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Mary Raftery is the moving spirit behind the child abuse witch-hunt in Ireland. She is our Witch-Finder General (with apologies to Hammer Films and the late Matthew Hopkins). There are thousands of articles about her on the Internet but apart from one or two of mine, practically no critical articles. The following piece - from "The Voice Today" magazine - may be the only detailed study of the woman and her work that has appeared in the print media.

Rory Connor
18 June 2006

The Voice Today, 16 June 2006

Mary Raftery has been one of the most influential Irish journalists of the last decade. Producer of documentaries such as the award winning States of Fear and Cardinal Secrets, and a columnist with the Irish Times, she is championed by many journalists as a fearless critic of both Church and State. However she is something of a bete noir for religious orders.

Her stated view is that those involved in physical and sexual abuse in institutions run by religious orders, "were not just a few bad apples," implying that the abuse in these institutions was systematic. And she is on the record saying that the Church should have no involvement in the running of schools and hospitals. So who is Mary Raftery?

Remarkably for such an influential and high profile journalist, little is known about her. She was educated at primary level by Sacred Heart nuns at Leeson Street but found "the sense of wealth and privilege overwhelming".

She then transferred to the less-than- proletarian sounding Miss Meredith's Academy, where she finished her secondary education. From there she moved to UCD to study engineering, but by her own admission she spent most of her time there "writing and agitating". She never finished her degree.

Her career as a journalist began in RTE. By the mid-80s she was working as a producer on Today Tonight, and she continued working on its successor Prime Time.

But it was "States of Fear" that catapulted her to prominence. Its searing indictment of religious institutions sent shockwaves through the country and forced the Government to set up structures to deal with the allegations.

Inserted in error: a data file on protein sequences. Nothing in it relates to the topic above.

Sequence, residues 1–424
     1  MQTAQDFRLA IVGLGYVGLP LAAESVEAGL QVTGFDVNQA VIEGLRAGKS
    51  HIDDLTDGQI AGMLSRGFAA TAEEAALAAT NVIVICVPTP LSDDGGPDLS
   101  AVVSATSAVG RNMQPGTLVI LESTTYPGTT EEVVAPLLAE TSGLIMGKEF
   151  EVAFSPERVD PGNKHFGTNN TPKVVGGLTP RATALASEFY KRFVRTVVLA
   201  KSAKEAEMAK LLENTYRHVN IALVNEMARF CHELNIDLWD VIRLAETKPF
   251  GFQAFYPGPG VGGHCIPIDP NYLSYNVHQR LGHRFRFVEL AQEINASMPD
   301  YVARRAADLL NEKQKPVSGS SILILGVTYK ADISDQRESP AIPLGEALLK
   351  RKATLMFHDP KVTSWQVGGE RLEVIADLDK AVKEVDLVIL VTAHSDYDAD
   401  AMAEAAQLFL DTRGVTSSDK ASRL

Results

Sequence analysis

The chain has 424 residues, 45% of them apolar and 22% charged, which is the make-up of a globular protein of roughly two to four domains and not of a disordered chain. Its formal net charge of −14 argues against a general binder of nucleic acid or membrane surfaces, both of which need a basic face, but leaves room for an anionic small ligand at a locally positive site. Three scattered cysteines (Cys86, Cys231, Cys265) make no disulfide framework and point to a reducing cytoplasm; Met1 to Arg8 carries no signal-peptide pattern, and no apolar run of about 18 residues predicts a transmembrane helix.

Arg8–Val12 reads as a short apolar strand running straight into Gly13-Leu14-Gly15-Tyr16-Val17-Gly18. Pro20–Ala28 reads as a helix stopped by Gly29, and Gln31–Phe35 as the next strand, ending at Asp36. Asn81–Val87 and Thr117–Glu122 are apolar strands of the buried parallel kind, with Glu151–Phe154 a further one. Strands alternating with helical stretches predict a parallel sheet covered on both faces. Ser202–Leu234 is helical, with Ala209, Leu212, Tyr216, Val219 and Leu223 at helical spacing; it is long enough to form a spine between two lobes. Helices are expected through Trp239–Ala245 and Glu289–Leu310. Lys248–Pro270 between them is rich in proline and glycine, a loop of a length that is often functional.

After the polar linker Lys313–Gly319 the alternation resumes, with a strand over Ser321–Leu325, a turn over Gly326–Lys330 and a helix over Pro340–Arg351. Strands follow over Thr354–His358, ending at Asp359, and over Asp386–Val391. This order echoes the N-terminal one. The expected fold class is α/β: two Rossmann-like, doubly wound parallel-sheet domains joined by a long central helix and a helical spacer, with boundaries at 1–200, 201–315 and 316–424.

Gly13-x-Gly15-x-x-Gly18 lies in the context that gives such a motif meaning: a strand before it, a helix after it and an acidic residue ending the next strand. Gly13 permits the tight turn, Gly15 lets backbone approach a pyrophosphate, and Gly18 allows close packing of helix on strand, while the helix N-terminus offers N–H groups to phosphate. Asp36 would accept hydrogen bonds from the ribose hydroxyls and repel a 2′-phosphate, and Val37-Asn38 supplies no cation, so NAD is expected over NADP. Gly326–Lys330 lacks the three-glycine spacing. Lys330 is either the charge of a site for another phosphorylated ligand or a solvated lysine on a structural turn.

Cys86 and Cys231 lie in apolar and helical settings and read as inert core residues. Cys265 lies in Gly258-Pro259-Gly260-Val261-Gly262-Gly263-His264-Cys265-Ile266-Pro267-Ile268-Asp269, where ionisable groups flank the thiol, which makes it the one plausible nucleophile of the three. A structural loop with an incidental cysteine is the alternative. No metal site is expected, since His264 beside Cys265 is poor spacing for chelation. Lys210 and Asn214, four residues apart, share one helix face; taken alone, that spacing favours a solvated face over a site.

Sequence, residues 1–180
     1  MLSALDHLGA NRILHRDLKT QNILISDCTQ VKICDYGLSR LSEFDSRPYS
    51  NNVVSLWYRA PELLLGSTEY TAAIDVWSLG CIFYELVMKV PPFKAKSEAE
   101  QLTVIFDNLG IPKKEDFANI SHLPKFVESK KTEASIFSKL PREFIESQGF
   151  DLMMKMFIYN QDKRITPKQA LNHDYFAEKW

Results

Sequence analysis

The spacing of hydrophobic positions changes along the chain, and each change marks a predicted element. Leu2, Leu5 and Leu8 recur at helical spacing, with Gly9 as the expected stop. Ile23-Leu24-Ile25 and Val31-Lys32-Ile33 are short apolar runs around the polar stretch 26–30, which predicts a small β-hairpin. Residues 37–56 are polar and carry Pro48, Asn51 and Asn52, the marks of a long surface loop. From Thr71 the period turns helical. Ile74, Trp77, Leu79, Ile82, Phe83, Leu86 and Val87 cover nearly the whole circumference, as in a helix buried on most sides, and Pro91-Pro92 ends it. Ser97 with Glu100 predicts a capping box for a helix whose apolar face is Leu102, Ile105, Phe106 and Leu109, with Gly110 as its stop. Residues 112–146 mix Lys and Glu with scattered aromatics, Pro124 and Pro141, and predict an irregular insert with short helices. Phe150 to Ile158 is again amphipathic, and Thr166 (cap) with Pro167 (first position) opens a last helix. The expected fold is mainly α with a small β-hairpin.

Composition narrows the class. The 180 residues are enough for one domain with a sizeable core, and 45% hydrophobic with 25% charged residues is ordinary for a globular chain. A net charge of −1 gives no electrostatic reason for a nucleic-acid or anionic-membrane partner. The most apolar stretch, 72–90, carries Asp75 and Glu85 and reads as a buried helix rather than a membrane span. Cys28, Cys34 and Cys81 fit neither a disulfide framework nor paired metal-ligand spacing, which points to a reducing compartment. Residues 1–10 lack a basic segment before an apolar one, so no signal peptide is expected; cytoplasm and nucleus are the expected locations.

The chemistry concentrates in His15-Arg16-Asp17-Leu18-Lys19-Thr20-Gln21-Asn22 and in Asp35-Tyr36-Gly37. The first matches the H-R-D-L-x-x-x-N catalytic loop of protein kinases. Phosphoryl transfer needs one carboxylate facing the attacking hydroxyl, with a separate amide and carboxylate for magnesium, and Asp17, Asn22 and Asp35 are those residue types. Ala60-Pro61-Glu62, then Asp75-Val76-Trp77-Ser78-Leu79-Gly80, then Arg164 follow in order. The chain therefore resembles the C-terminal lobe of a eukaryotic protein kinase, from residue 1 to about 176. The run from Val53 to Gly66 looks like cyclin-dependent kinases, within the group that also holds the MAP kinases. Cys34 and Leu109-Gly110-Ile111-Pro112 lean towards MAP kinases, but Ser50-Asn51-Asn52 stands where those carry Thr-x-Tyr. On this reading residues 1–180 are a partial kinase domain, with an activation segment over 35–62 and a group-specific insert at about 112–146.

However in the wake of the follow up book she wrote in 1999 with collaborator Dr Eoin O'Sullivan, "Suffer The Little Children", which goes into greater detail about the abuse suffered in residential homes, questions began to emerge about the accuracy of Raftery's research.

Columnist Breda O'Brien challenged some of the research for the book, pointing out that the authors failed to cross check stories told to them by former inmates. She cites the example of a coroner''s report which contradicts a claim made in the book about a young boy dying at the hands of the Christian Brothers in Artane.

Furthermore in an article in March of last year , Raftery implied that Sister Stanislaus Kennedy, the Sisters of Charity nun better known as Sister Stan, who founded the Focus Ireland charity, knew about allegations of sexual abuse in the 70s when she was in charge of St. Joseph's Industrial School in Kilkenny.

Sister Stan has denied the claim and her account has been corroborated by Edward Murphy, a childcare worker who alerted her to physical abuse that was taking place. So far, Raftery has refused to apologise for making this claim.

Members of the religious orders have also hit out at some of Raftery's claims, arguing that her commentary on cases lacks balance. Sister Una O'Neill of the Sisters of Charity, responding to further allegations by Raftery that other members of her order knew about sexual abuse, has pointed out that in a High Court ruling on the abuse in question, the judge Mr. Justice Finnegan, accepted that the Sisters did not know about sexual abuse.

Brother Edmund Garvey of the Christian Brothers has also taken issue with Raftery's claim that the order "had spent years denying the contents of their files", including evidence of physical and sexual abuse. Brother Garvey pointed out that the order had acknowledged the evidence and had apologised six years before Raftery's article in 2004.

Responding to allegations by Raftery that some Brothers had actually admitted sexual abuse during an investigation of the Brothers industrial school in Artane, Brother Garvey continued: "The leaders of the Christian Brothers in Ireland have no evidence available to them that 'Brothers had actually admitted during the (Artane) investigation (by the gardai) that they had sexually abused boys.'"

"If Ms Raftery is aware of such names, as she seems to claim, then in the public interest, congregational leadership and the gardai ought to be informed."

Her response has been to suggest that critics are deniers of child abuse and Church apologists. She has also suggested that columnists such as O'Brien have had privileged access to the archives of religious orders, an allegation which the latter vehemently denies.

Raftery's "States of Fear" was a piece of landmark journalism. But her continued insistence on believing any allegation against religious orders, her refusal to give them the benefit of the doubt in any situation and her selective use of evidence suggests that her journalism lacks balance.

Uncovering the truth about child abuse is, of course, a pressing concern but many commentators feel that Raftery's approach to the subject hinders rather than helps that aim.